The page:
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Cauvery Verdict: SC reduces Tamil Nadu's water share, Karnataka gets additional 14.75 TMC

In 2007, The Cauvery Water Tribunal Had Allocated 270 TMC To Karnataka, 419 TMC To Tamil Nadu, 30 TMC To Kerala, And 7 TMC To Puducherry And Around 14 TMC For Environmental Purposes.

News Nation Bureau | Edited By : Shashikant Sharma | Updated on: 16 Feb 2018, 01:02:05 PM

New Delhi:

Pronouncing its verdict in the Cauvery water dispute case, the Supreme Court on Friday reduced Tamil Nadu's per year water share to 177.25 TMC.

The apex court increased Karnataka's water share and the state will now get additional 14.75 TMC. The top court also said that water is a "national resource" and no single state can claim exclusive ownership to a river.

SC made it clear that the increase in the share of Cauvery water for Karnataka has been done keeping in view the fact that there is an increased demand of drinking water by Bengaluru & also for many industrial activities.

The top court in its ruling said that 20 TMC of groundwater in Tamil Nadu had not been accounted for and needed to be seen.

The Cauvery water has been the sources of decades-old dispute between the two South Indian states. Both Tamil Nadu and Karnataka has increased the security in wake of the apex court’s verdict.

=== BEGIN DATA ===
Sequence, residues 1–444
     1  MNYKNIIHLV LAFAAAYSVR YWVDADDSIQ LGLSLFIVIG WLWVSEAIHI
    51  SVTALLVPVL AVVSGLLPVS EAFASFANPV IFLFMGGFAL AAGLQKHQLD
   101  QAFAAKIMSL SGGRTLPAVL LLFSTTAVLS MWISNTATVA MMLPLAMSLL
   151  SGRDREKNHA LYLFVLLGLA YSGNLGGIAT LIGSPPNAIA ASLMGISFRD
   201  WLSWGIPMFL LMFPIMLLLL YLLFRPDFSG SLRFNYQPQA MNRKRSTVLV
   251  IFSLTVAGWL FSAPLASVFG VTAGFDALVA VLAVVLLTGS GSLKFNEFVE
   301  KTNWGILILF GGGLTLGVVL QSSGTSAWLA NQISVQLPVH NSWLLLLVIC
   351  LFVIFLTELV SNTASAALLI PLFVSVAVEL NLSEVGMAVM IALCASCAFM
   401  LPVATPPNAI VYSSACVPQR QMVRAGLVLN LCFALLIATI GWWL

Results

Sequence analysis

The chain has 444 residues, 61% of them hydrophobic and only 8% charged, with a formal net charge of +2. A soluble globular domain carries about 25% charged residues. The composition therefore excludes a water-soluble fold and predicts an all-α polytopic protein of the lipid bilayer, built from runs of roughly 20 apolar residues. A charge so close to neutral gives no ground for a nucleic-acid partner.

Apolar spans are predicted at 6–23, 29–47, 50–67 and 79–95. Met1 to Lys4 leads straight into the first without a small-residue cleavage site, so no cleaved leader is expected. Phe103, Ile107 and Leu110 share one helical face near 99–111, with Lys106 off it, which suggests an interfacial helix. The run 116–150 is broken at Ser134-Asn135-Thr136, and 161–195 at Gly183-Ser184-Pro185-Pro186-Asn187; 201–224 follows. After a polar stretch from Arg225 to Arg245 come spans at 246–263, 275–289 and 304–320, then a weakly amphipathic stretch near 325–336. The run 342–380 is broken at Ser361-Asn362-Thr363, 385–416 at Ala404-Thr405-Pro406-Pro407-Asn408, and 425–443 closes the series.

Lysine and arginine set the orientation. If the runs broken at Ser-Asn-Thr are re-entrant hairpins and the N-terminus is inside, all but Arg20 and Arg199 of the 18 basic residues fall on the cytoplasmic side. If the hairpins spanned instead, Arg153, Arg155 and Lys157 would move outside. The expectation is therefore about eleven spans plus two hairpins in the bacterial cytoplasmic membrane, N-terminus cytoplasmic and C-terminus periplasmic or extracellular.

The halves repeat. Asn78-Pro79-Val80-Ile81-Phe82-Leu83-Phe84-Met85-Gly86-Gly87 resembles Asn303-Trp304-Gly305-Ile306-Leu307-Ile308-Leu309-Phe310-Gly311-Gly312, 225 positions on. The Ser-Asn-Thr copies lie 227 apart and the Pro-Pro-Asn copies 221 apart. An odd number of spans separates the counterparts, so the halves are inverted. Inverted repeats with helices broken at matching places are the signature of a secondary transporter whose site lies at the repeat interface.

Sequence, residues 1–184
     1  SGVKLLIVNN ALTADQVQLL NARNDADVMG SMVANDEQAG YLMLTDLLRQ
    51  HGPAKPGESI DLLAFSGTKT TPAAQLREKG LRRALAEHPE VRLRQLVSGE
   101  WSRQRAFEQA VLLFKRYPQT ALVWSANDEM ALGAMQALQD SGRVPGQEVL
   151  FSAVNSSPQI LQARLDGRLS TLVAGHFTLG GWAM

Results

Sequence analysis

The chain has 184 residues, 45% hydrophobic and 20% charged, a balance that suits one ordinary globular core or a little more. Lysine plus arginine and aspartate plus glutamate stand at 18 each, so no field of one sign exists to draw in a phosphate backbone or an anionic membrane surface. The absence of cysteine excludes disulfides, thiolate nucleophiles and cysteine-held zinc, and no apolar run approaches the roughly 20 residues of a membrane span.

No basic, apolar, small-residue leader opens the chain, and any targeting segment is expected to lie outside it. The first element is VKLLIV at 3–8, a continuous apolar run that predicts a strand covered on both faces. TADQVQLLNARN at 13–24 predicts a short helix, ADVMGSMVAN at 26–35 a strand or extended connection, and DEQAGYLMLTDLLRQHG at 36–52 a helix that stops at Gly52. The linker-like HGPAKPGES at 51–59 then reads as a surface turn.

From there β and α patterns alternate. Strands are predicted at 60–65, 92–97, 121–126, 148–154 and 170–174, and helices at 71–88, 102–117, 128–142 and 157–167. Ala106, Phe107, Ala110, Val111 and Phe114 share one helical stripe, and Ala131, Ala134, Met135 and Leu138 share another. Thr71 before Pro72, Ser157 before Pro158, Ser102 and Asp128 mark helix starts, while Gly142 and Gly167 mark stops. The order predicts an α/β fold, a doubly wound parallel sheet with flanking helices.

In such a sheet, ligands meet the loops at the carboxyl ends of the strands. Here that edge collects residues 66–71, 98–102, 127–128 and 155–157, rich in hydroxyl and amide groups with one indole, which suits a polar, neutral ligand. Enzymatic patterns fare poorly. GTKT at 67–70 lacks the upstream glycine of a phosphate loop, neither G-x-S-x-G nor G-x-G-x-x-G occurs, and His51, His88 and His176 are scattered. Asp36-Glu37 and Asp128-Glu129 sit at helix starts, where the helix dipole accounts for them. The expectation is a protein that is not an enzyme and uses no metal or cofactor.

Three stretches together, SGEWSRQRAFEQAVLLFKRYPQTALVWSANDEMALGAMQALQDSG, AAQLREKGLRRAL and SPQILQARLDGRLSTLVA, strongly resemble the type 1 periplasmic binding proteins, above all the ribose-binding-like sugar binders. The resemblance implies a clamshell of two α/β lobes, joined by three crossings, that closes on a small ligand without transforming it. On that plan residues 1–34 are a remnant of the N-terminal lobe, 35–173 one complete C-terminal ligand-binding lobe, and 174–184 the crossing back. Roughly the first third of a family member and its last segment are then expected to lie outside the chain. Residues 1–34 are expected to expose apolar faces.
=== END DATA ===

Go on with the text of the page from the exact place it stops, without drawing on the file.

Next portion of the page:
The verdict will have a lasting effect on the farmers of both states and will also impact the upcoming Assembly polls in Karnataka.

Tamil Nadu had asked the top court to set up a Cauvery Management Board and make fundamental changes in the water sharing pact with Karnataka.

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However, Karnataka argued it would not be fair for the people of the state to release a fixed amount of water irrespective of the availability.

Cauvery, a 765-km long river is called the Ganga of South and originates in Karnataka’s Kodagu district and flows into Tamil Nadu, Kerala, and Puducherry.

In 2007, the Cauvery Water Tribunal had allocated 270 TMC to Karnataka, 419 TMC to Tamil Nadu, 30 TMC to Kerala, and 7 TMC to Puducherry and around 14 TMC for environmental purposes.

Karnataka wants Tamil Nadu’s share to be slashed by half while Tamil Nadu wants its share to be increased to 325 TMC water.

Karnataka argues that the water supply in the four dams built on Cauvery river is not enough for the needs of Bengaluru and Mysuru.

Karnataka says the water allocation agreements of 1892 and 1924 was between the then Kingdom of Mysore and the then Madras Presidency.

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First Published : 16 Feb 2018, 08:25:49 AM